Disability advocacy agencies on Monday brought together lawmakers and business leaders to learn about education and employment options for people with disabilities, and how they can work together to serve that population.
The legislative breakfast — sponsored by non-profit advocacy agencies Disability Rights-Wisconsin, LCS Potential is Limitless and The Arc Wisconsin — gave space for people to promote job opportunities, push for supportive legislation and to hear success stories of people who had overcome seemingly insurmountable obstacles.
Laura Owens, a University of Wisconsin-Milwaukee professor and president of the TransCen Inc., a non-profit organization supporting the improvement of education and employment success for youth and young adults with disabilities, told how there has been some success in the treatment of people with disabilities. She said it has gone from institutionalization and isolation, to helping them find jobs that could become careers.
Referring to the disabled as an “insular minority,” Owens said, “We want people to be able to contribute to society. There is a job for everyone regardless of their disability. People with disabilities want to work. Employment should be the expectation, not the exception.”
Kyle Cerretti was one of several young adults who shared his story with the group. Diagnosed as a child with severe autism, Cerretti was at one time unable to speak or recognize spoken language and was not able to interact with other children.
His mother, Mary Cerretti, was told he could not learn.
Through his early struggles, some educators thought it was a hopeless endeavor. Others wanted to put the young Cerretti in a home. However, Mary Cerretti wouldn’t have any of that.
“I just couldn’t believe what they were saying. Like any mother, I thought of him one day being successful, going to college and getting married,” she told the crowd at the Kenosha Woman’s Club.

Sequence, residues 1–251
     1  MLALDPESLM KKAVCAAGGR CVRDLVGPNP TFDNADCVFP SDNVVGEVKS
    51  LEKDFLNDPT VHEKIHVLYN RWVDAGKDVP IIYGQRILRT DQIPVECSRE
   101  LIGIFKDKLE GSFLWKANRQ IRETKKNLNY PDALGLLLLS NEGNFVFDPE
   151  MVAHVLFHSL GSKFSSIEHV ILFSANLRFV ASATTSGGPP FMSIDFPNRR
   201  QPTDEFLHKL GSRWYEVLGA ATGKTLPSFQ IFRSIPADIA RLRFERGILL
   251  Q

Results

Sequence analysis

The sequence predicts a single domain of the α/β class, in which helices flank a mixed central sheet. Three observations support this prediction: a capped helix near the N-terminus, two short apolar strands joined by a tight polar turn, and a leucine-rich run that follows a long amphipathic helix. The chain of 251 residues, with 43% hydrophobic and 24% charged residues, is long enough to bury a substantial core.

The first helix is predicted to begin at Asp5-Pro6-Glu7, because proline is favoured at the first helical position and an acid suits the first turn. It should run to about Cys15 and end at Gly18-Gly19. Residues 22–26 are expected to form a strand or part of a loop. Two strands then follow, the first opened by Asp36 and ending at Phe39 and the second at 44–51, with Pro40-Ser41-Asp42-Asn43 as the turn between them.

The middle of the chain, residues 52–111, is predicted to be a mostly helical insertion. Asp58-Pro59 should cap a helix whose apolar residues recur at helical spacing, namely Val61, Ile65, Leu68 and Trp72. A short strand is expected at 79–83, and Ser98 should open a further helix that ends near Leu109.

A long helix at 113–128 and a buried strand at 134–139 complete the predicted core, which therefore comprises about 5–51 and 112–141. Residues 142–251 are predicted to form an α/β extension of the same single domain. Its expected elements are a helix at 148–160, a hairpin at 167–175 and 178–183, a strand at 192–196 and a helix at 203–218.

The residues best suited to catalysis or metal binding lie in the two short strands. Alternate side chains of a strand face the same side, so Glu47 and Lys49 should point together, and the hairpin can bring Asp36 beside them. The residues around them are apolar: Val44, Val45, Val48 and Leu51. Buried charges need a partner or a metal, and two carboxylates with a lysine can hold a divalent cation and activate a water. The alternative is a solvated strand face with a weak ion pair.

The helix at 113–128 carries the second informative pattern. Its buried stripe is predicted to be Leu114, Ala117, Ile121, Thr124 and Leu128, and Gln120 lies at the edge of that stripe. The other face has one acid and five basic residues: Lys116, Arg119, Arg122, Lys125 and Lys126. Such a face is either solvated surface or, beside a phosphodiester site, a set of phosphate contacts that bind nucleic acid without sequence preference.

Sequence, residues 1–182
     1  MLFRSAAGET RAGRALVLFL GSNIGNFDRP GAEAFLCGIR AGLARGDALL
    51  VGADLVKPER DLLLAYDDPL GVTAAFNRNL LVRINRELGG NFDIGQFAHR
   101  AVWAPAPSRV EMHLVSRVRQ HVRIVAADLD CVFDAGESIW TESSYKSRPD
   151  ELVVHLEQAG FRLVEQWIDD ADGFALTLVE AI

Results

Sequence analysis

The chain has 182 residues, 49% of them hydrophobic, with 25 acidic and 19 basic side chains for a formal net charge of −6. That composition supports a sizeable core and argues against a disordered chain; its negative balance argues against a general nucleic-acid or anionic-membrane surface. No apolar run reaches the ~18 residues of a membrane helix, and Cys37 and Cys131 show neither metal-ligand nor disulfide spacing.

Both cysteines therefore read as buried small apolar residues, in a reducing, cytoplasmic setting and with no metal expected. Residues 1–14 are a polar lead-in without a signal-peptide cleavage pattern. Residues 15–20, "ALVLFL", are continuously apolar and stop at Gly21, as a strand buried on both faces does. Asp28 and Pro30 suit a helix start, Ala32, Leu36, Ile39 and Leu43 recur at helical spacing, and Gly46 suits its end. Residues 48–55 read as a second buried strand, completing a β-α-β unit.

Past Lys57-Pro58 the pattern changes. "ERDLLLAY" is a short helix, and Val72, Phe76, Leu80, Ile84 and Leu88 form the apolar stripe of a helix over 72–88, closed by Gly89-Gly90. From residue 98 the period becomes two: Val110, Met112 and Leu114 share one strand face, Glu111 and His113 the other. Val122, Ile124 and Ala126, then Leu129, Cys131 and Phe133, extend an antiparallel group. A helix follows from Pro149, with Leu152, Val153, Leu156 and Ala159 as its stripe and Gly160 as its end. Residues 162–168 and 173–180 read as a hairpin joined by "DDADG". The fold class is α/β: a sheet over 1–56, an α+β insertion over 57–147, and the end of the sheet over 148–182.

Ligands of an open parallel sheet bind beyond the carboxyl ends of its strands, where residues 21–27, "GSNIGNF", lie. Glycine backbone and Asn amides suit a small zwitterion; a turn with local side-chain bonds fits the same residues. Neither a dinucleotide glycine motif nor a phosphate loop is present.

She advocated and fought along the way, year after year, to get the best for her son. He eventually began to improve.
At age 9, he was speaking and beginning to do well. As he advanced through school, he was voted most successful student and made the National Honor Society. He got his driver’s license on his first attempt.
Now a freshman at the University of Wisconsin-Whitewater, Kyle has a 3.06 grade-point average and works at Bristol Oaks Country Club.
“I want to have a wife and family, be independent and earn my own money,” he told the audience to a chorus of applause.
Another issue raised at the meeting was concern over possible federal cuts or adjustments to parts of Medicaid.
Lisa Pugh, state director of The Arc Wisconsin, said proposed changes to Medicaid could affect the state’s IRIS (Include, Respect, I Self-direct) program, a Medicaid home and community-based service for patients with long-term needs.
She said since Medicaid is the primary funding source, cuts to the program could have a very serious impact on that service. She said there are 1.2 million Medicaid recipients in Wisconsin.
State Sen. Robert Wirch, D-Somers, and state Rep. Tod Ohnstad, D-Kenosha, attended and said they strongly support legislation that would cover some of a financial shortfall that could come if the federal government cuts funds.